• Ride-Hailing
  • Automated Vehicles
  • Automated Driving Systems
  • Electric Vehicles

Automated Driving on the Las Vegas Streets

Sam Abuelsamid
Jan 28, 2020

Smart Car 2

I completed my sixth journey in 12 years to Las Vegas, Nevada for the Consumer Electronics Show (CES). CES is one of the world’s largest trade shows and an event that has become inextricably linked to automated driving. On each trip I've sampled the latest in automated driving technology, including five rides in 2020. Four rides were aboard one of the world’s first public automated mobility services while the last was my first on public roads without a safety driver.

I’ve experienced more automated vehicle types than all but a small group of people in the world. Since I first wrote about the technology in the days of the DARPA Grand Challenge, a race for automated vehicles, I’ve seen tremendous progress. Advances in sensing and compute hardware allow for packaging in relatively practical vehicles.

Safety Drivers Were the Norm

I rode in Boss, the Chevrolet Tahoe that won the 2007 DARPA Urban Challenge at the 2008 CES. Maneuvering around a course set up in the parking lot of the Las Vegas Convention Center, all of the equipment in Boss precluded a safety driver. Except for a couple of test track rides, all rides since then had a safety operator waiting to take control in case of a problem. The four rides I took in self-driving Aptiv PLC cars on the Lyft network during CES 2020 had a safety driver behind the wheel and a second operator in the front passenger seat to answer questions and alert the driver of potential hazards. Since Aptiv PLC doesn’t have approval from all of the hotel owners, the safety drivers must take control as soon as the cars leave city streets.

Yandex System Removes Safety Drivers

My final CES day this year began quite differently. I met up for the first time with the team from Russian internet search company Yandex. Like its American counterpart, Google, Yandex started an automated driving program several years ago with the goal of eventually deploying the system on its ride-hailing service, Yandex Taxi. In mid-2018, Yandex launched a pilot automated ride-hailing service in Innopolis, Russia that eventually went driverless. However, a safety operator remains in the front passenger seat ready to hit the kill switch if anything goes wrong.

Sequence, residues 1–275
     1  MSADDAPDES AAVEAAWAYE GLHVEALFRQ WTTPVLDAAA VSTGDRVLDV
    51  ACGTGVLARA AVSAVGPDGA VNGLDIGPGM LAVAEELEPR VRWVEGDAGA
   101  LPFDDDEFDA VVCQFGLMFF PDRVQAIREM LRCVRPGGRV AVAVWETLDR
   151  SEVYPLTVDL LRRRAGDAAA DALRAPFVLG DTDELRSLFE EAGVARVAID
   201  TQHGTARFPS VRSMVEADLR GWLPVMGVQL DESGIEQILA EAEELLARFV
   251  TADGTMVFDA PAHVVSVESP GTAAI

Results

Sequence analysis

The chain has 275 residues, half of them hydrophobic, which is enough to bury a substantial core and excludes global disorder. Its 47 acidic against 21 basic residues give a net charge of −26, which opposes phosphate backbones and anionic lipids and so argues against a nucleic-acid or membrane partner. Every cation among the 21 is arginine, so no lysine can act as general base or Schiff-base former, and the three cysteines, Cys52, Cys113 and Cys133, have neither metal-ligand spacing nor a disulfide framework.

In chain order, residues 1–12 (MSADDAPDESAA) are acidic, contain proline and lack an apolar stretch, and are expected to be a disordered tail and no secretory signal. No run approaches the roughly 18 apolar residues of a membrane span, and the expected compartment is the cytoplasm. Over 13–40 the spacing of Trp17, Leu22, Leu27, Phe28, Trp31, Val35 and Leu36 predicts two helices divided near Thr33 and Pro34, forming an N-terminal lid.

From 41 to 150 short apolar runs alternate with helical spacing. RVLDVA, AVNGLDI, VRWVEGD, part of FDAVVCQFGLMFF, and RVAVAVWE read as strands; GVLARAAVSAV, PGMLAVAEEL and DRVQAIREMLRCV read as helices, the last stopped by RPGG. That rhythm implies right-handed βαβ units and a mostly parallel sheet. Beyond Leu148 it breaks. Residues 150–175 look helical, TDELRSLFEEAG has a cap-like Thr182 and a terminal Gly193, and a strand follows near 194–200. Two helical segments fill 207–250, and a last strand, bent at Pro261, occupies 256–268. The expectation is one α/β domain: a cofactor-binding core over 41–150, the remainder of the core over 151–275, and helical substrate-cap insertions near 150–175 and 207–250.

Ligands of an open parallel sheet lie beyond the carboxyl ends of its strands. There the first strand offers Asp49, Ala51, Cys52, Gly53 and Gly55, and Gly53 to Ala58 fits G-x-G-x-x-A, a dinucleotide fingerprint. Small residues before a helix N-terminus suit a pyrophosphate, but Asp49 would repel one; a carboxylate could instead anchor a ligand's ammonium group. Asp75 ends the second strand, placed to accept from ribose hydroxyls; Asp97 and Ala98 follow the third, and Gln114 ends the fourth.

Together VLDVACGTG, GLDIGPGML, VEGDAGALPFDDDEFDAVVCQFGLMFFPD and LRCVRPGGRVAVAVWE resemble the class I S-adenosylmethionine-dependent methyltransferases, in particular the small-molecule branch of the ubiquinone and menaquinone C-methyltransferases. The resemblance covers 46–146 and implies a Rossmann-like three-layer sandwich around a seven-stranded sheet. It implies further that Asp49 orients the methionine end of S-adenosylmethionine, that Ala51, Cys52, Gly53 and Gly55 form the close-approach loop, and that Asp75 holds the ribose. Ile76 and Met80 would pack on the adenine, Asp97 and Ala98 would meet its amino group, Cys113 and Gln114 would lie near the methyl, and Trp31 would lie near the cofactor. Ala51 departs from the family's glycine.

When we set off from the garage of the Hard Rock Hotel, I had a clear view of the steering wheel, Yandex interface, and the road from the left rear seat of a Toyota Prius V. After years in cars where computers were the nominal drivers, I was in a truly self-driven car for the first time on public streets. The roughly 4 mile loop was a relatively easy one to traverse, staying away from the traffic of the Las Vegas strip where the Aptiv PLC cars spend most of their time. There were no unprotected left turns, pedestrians, or cyclists to deal with. The car drove itself confidently and with a bit more aggression than I expected.

It had primarily been tuned to deal with the driving environments in Russia and Israel where Yandex does most of its testing. Thus it accelerated harder and made lane changes quicker than the Aptiv car. However, on the 15 minute ride, the safety operator never had to disable the system and we returned to our starting point safely.

Even with the progress that has been made, most automated driving companies, including Yandex, acknowledge that widespread use of robot-taxis is still some years off. Automated driving in the real world is enormously difficult, but progress is being made.